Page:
Government agencies are constantly striving to better connect and serve citizens. Often, this has meant adopting new technologies as information consumption becomes increasingly computerized and mobile. To meet these changing trends, some government agencies are turning to text messaging services as an opportunity to engage easily and effectively.
This switch is a smart one. As Alex Yule, Product Specialist at GovDelivery, explained in a webinar entitled 10 Tips for Text Messaging in the Public Sector, 55 percent of people who receive 55 or more text messages per day would rather receive a text than a phone call. Joined by Marie Trigona, Online Public Engagement Specialist, and Eli Brownell, Communications Specialist, both of King County Natural Resources and Parks in Washington; as well as Kate McCarthy, Public Information Officer, San Francisco Municipal Transportation Agency, Yule offered 10 tips to increase citizen engagement and decrease cost.
1. Support the entire journey.
Yule recommends thinking about all the ways someone might interface with your program and how you can enhance their participation throughout the process.
For example, after McCarthy and her team rolled out the first round of their text messaging program in San Francisco, they decided to further expand the program’s reach by adding additional survey languages, including Spanish, Chinese and Filipino. This program expansion helped her agency connect with more people throughout the project.
2. Identify goals and objectives.
The best way to implement a new community communication method is to establish clear objectives for the program. This makes it easier both to shape your text messaging around your goals and to establish methods to measure success.
When the San Francisco Municipal Transportation Agency began to plan construction on Van Ness, a major city thoroughfare, the agency decided to launch a program that could both provide residents with information about construction closures and progress, while simultaneously receiving feedback from users about the process. Based on these objectives, explained McCarthy, the agency was able to construct a useful text message survey.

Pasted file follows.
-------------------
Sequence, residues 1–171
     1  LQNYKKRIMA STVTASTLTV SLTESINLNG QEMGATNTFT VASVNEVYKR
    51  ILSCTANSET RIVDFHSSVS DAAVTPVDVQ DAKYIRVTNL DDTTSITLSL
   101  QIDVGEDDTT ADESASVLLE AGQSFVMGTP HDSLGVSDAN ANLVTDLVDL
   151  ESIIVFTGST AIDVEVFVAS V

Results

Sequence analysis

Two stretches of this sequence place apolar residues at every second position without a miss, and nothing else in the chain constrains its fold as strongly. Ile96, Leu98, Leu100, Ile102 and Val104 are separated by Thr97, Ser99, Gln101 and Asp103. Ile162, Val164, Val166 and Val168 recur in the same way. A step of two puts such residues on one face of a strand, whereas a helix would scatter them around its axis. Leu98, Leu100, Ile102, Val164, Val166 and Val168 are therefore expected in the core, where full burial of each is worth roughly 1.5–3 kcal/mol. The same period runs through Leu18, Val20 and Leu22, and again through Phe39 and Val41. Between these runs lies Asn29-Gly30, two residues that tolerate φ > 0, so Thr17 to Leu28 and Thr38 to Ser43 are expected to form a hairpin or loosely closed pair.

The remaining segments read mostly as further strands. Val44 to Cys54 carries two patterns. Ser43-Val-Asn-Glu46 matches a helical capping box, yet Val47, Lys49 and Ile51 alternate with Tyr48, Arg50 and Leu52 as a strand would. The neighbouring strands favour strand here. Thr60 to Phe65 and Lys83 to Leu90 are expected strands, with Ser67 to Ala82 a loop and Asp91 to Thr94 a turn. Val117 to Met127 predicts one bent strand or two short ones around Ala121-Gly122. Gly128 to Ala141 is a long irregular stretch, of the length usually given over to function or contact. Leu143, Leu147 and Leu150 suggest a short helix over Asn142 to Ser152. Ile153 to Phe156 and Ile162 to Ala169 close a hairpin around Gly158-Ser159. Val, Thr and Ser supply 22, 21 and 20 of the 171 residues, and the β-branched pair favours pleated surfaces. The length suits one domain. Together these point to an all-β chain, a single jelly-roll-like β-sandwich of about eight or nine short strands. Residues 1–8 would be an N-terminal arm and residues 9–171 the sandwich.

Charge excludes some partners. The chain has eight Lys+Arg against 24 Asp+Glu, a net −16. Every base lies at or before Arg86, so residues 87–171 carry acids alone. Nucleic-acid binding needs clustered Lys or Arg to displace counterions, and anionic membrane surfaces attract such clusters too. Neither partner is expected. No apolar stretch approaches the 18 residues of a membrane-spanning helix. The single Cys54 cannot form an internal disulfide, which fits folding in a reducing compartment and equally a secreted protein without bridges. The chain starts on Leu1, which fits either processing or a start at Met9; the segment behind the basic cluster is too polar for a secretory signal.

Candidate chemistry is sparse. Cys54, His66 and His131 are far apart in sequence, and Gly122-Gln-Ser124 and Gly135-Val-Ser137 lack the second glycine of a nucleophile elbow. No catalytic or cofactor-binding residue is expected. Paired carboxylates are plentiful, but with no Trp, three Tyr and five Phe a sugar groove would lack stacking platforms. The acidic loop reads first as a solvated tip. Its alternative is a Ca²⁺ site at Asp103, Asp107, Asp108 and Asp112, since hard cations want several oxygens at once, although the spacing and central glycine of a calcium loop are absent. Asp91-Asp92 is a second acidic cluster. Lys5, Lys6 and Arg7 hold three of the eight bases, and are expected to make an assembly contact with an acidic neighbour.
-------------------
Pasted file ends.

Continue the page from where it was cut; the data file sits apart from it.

3. Start by asking a question.
GovDelivery has found that one of the most effective ways to encourage people to use a text messaging survey system is to start with an interesting hook question. Once users respond to the hook question, they tend to complete the entire survey.
4. Use an optimal number of survey questions.
Ideally, your survey should be between four and eight questions long. This is the best length because it doesn’t ask participants to make a major time commitment, but it still allows your agency to reap the most information possible.
5. Use skip logic.
The best text message surveys feel like the computer on the other end is actually a person. To create this feeling, use a skip system that sends different questions based on the previous answer. For example, a person who said they already knew about a program does not need to receive a follow up text that explains the program.
6. Automate to maximize results.
An automatic text messaging reminder system can be very valuable for users. For example, the Ventura County Human Services Agency in California has used automatic texts to warn citizens when their benefits are about to expire. The cost was less than alternatives, such as mailing or calling.
7. Hand out flyers.
“Texting is a great way to cross the divide between the physical and the digital world,” Yule said. To ensure this connection, he advises agencies to hand out cards and flyers at events or around the office to promote text messaging programs.
To reduce printing costs and increase accessibility on backcountry trails, King County decided to create a system to allow hikers to text in to receive an electronic PDF map of the trails in the area. Use of the system increased four-fold when they rolled out signage around the trails alerting hikers to the opportunity.
8. Solicit photos.
Text message surveys not only reduce costs but also open new avenues for responses, such as photos. This method makes it possible to visually report street conditions or even turn in forms.
9. Be persistent.
Some of the most successful text messaging programs have benefitted from continued and persistent bits of contact between agencies and users. For example, one New York program increased literacy by sending regular reminders to parents to read to their children.
10. Ask for feedback and make changes.
Feedback can help agencies determine how best to allocate resources.
Feedback played a very important role in some of King County’s survey programs. After the success with distributing maps electronically via text message, the county adopted similar text surveys for upcoming construction and capital projects to solicit feedback from citizens. After users texted their reactions to the project plans, they were invited to sign up for additional information, which helped increase overall engagement with the county government.
As technology usage changes, agencies are well served to make similar adjustments. By implementing these tips to support a text messaging program, agencies can improve their connection and engagement with citizens in a meaningful way.